The object of this chapter is to discover how the Miraculous Qur'an itself answers some of the questions raised by those who are curious about this Magnificent Book. This exercise is obviously limited to an introductory level, as the title of this book suggests:
1. Who revealed the Book?
"And this is a Book which We have revealed as a blessing. So follow it and be righteous, that you may receive mercy." VI:155
Quite clearly the Holy Qur'an asserts to be the revelation from God. In another phrase:
"1 â€‘ The revelation of this Book is from Allah, the exalted in Power, full of Wisdom. 2 â€‘ Verily, it is We Who have revealed the Book to thee, in Truth. So serve Allah offering Him sincere devotion." XXXIX:1 & 2 and XLVI:2
This is a very important matter. There are many soâ€‘called divine books among people who cannot substantiate the divinity of their Scriptures. The majority of such people believe this only because they were told so. But God reminds us repeatedly in the Glorious Qur'an that these ayat are bestowed upon us only by Him. As we shall see later, this Divine assertion is earnestly backed up by many features of the Glorious Qur'an such as its consistency, perfection, style, the authoritative inclusion of the Absolute and Eternal Knowledge about everything, its unique language, etc.
The name Allah has been used by God's prophets since The Prophet Adam (PBUH). This name comes from the combination of two Arabic expressions,Al (The) and Ilah (God), meaning "The God". For example, the Hebrew wordEloha (meaning the Creator) is the same as Allah. However, the Jews use the plural form, Elohim, which denotes more than one God. The Aramaic word,Alaha, for God, used by The Prophet Jesus Christ (PBUH), sounds even closer to Allah. Therefore, even though this name may sound strange to nonâ€‘Muslims, it was a familiar name to the previous prophets of God and their followers. Let us now examine if there is any difference between the two words, Allah and God.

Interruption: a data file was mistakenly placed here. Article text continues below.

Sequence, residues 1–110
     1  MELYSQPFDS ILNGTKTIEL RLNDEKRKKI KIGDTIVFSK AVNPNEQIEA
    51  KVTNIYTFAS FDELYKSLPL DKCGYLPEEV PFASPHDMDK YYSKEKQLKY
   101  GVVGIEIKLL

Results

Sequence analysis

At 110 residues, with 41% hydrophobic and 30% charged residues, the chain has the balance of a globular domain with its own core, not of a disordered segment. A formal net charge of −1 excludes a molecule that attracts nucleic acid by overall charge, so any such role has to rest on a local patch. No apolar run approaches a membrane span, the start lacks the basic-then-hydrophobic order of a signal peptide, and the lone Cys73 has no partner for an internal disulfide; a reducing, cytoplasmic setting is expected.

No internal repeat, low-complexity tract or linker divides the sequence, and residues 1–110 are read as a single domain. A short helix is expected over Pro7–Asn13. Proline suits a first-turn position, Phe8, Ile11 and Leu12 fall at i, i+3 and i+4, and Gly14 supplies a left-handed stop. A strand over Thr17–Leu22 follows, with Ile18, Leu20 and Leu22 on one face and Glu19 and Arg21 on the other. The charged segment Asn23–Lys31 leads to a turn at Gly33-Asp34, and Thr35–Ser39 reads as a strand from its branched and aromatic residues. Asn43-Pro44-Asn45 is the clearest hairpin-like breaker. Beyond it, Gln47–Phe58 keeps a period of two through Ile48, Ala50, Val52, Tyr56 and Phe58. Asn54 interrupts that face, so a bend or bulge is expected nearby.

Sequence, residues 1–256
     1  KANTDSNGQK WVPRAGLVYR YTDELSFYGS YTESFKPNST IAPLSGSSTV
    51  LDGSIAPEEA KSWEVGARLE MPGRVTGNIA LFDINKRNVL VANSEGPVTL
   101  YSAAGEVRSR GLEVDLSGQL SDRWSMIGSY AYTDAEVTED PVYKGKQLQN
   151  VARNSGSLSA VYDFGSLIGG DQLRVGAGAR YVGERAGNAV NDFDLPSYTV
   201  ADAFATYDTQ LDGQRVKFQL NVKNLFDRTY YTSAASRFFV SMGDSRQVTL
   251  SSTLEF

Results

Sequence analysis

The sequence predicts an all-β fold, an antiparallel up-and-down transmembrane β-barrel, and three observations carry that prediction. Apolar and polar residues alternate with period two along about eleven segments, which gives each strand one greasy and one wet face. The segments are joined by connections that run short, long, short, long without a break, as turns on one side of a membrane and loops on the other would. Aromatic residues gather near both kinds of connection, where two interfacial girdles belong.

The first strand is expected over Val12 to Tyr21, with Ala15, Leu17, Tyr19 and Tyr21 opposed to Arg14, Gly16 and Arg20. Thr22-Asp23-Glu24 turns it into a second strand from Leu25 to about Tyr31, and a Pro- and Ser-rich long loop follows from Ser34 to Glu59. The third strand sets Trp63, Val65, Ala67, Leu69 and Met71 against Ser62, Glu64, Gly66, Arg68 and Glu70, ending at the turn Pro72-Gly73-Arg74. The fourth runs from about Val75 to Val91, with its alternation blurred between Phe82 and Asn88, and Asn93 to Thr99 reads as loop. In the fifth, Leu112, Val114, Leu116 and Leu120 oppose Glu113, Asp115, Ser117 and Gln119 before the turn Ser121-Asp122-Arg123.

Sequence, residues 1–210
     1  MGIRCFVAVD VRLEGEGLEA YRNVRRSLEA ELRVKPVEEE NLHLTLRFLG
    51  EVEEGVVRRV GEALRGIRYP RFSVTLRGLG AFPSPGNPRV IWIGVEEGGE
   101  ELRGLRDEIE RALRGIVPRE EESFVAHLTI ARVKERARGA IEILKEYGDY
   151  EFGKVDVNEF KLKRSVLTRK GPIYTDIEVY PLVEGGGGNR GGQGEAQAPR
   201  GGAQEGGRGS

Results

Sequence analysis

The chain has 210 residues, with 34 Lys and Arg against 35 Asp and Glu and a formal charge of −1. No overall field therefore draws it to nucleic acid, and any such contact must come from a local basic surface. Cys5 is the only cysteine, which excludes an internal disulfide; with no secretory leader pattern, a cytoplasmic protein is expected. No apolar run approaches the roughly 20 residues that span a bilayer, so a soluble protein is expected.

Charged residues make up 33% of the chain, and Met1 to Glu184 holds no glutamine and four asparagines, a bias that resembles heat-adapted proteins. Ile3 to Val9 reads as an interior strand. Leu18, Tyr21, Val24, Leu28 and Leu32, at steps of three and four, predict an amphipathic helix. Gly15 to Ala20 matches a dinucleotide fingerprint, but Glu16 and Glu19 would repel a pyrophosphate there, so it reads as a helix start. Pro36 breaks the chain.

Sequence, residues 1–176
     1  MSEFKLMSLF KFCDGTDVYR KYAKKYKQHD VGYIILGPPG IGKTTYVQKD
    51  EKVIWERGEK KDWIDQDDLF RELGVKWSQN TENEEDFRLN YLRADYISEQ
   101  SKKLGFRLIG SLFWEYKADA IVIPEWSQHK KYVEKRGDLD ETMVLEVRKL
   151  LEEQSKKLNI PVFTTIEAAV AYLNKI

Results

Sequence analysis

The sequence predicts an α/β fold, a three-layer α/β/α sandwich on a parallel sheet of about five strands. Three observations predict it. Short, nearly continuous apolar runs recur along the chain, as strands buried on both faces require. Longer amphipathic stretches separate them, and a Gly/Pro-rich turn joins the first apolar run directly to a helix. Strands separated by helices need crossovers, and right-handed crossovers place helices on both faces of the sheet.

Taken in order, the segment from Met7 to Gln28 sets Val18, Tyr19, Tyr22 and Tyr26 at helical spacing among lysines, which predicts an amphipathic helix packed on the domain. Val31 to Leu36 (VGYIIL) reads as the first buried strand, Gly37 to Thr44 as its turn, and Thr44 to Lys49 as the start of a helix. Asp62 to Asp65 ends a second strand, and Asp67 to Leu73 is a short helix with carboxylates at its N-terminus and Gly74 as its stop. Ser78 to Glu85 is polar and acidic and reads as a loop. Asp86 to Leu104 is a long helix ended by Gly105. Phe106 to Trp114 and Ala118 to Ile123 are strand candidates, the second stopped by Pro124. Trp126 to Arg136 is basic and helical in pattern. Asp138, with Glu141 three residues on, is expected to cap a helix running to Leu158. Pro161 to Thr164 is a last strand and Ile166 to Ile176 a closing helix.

The Supreme Being, the Creator, is free from being associated with part ners or gender. He is unique and pure. Unfortunately, the word "God" has lost its uniqueness and purity. Unless we say "the God" it does not denote a unique being any more. And so long as we use words such as gods and goddesses, and follow duality, trinity, and multiâ€‘god worship, we have lost the purity of His name by associating gender and partners with Him. The word Allah (Alâ€‘Ilah), The God, is devoid of any association while it denotes the needed uniqueness. Moreover, it honours the integrity of the Unity of the Almighty God's religion from the very beginning, as other messengers of Allah the Exalted used the same word throughout. Now that we can appreciate this great difference between these two words, I would feel obliged to use the name Allah, not out of prejudice, but in order to reflect appropriately what is meant to be expressed.